Curious Games: Planning Ahead

adventures in gaming, curious games, indie, Process Writing, research

medical malpractice lawyer says: “very nice post, i actually love the web site, keep on it”

Looks like I’m on to something! You keep on it too, medical malpractice lawyer!

So what I have been doing this week for the game is creating assets and continuing to think about design. So far, the very basic Stencyl file has a custom cursor, screen shake that simulates poor motor skills (but there will be much more to mess with the player’s motor skills if I have my way) and a health bar that starts at 2000/3000 PSI.
(Why 2000? Because in diving, it is recommended to reserve 1/3 of an air tank for the descent to a destination, 1/3 exploring that destination, and 1/3 for the ascent.)

Here are two of the lovely art assets that I’ve made this week: the buoyancy control hose and the console – hand-drawn in Photoshop. (I’m not yet sure if I’m going to have the console have static dials, animated dials, or just numbers).

These are modeled after my own BCD, which the player will be wearing.

These are modeled after my own BCD, which the player will be wearing.

I have this desire to make most of the effects in the game randomized or happen at more or less random intervals… I’m sure that this is relatively simple, but I have to look up how to do it in Stencyl. That can make simple tasks seem daunting — kind of like Nitrogen Narcosis! — so I tend to plan things out in detail when I could probably just start implementing features and see what sticks.

Here’s my game plan (or really, a list of tasks that I need to accomplish and features that I want to include):

– because people with nitrogen narcosis have problems multi-tasking/tend to focus very narrowly on one task, I want a fish to swim by sometimes and for the camera/player’s view to follow/pan on the fish. I want the player to have to find their way back to the game board.

– because of that same narrow focus, I want the buoyancy of the player to occasionally cause the player to start to sink down past the game board, and for them to have to adjust the buoyancy to regain the board (and if they over-inflate, they may end up shooting to the surface — I don’t THINK this is too ambitious).

– because nitrogen narcosis can come with feelings of euphoria or fear: I want to adjust the brightness of the game in tune to either a very happy soundtrack or a very unhappy soundtrack. Preferably either can happen at random from a baseline. I may also include some bizarre actors like dancing fish or divers, or decorative decals.

– I want to blur the edges of the screen somehow (the camera shake effect does somewhat do this at higher intensities) to mimic tunnel vision (another symptom).

– I want to find other ways to mess with the player’s motor control — since I think it will be point and click, maybe I can find a way to at random reverse the mouse tracking (I know there’s a way to do this on consoles with the joysticks…I’m hoping there’s a way to do this in stencyl).

– Continuing with motor control, I was thinking that the placement of the pieces on the board should have to be quite specific – that the collision area of the piece should be quite small relative to the entire size of the piece, making it harder to place each piece.

– Because poor judgment (and, at much deeper depths, hallucination) is one of the major symptoms of nitrogen narcosis, I want to perhaps screw with the player’s perception by making the game board appear different than from how it actually is, or maybe make some game board pieces that can’t be dragged, or that can only be dragged so far.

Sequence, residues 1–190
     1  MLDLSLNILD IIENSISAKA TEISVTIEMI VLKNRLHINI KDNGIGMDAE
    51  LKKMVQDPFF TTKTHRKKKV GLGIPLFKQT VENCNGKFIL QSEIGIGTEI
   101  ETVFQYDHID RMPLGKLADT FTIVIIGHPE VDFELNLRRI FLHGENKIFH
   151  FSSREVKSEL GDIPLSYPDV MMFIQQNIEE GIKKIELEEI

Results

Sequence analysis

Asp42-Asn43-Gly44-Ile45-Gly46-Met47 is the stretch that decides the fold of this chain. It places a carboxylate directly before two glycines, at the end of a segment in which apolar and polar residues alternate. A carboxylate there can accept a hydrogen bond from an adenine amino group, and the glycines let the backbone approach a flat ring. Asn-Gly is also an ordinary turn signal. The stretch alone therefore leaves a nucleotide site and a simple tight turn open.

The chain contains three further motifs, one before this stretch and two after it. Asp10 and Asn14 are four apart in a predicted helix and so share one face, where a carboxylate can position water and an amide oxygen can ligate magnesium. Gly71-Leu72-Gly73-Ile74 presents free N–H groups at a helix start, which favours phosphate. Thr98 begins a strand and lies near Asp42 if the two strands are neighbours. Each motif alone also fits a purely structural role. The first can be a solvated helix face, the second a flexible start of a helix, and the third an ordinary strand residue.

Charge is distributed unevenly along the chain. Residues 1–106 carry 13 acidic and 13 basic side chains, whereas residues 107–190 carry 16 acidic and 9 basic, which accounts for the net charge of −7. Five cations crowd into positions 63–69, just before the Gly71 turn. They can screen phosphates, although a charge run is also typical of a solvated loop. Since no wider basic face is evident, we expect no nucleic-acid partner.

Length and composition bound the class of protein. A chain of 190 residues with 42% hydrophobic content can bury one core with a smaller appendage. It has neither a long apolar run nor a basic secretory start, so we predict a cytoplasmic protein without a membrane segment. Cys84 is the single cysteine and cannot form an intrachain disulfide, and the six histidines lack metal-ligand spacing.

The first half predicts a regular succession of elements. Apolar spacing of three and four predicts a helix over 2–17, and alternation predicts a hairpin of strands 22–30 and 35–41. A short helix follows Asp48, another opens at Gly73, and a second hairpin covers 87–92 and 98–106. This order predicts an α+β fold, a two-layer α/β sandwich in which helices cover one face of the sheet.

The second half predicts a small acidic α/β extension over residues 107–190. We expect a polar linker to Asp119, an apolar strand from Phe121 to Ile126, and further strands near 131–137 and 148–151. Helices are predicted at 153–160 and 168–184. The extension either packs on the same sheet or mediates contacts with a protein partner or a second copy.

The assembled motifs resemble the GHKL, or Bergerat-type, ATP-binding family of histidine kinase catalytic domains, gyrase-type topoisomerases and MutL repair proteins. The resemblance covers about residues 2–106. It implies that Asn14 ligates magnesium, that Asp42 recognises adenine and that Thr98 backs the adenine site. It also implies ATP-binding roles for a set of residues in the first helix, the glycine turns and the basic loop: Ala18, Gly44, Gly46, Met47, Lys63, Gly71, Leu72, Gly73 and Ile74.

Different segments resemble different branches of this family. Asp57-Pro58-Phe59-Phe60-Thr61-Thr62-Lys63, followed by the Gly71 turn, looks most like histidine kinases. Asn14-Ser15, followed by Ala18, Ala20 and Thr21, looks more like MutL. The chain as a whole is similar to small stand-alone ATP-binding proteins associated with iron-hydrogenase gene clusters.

– Because people experiencing nitrogen narcosis can experience slow thoughts: I want to find a way to slow down the player, perhaps by slowing down the controls or the speed at which a game piece can be moved. I don’t know if this is possible with stencyl. Maybe I can do this by creating a mechanic where the player clicks a piece then clicks the place on the board, and the piece travels at a predetermined speed towards the board. I could set the speed of individual pieces to different values, thus making some relatively easy to place, and some more difficult.

– I want to implement a 3-minute time limit on the game in which the player has to win a certain amount of tic-tac-toe games. How many will probably be determined by a lot of playtesting…

– I also want to have there be the chance that the player experiences some of the other minor annoyances of diving, such as a foggy mask or a free-flow (basically when the regulator gets stuck open and starts to spill out precious air — this is usually quickly fixable). I’m not sure if these will make it into the final game but as soon as I figure out randomization, they’d be easy to implement.

– Obviously, I have to program tic-tac-toe. Pippin has told me that he will help me with this. I was thinking that it might be interesting to have the program have some of the same handicaps as the player as a rational for the program making mistakes in the placement of their pieces.

Where I foresee some challenges is in randomizing these behaviours. I know that I can make the camera track a specific actor (the fish) through an environment. (I don’t know exactly how to allow the character to move the camera back.) I know how to make music play at specific times. I also know how to set collision areas and the movement speeds of actors. Largely, learning how to randomize the behaviour and learning to do it within appropriate parameters so that things aren’t totally at random, seems to be my biggest challenge. There are plenty of Stencyl tutorials about this, though. (Although learning to program Tic-Tac-Toe will be another kettle of fish.) I also foresee that I might have some difficulties with making the character navigate the level with the mouse, but I’m already thinking of ways around it.

I’ll keep you posted, Internet!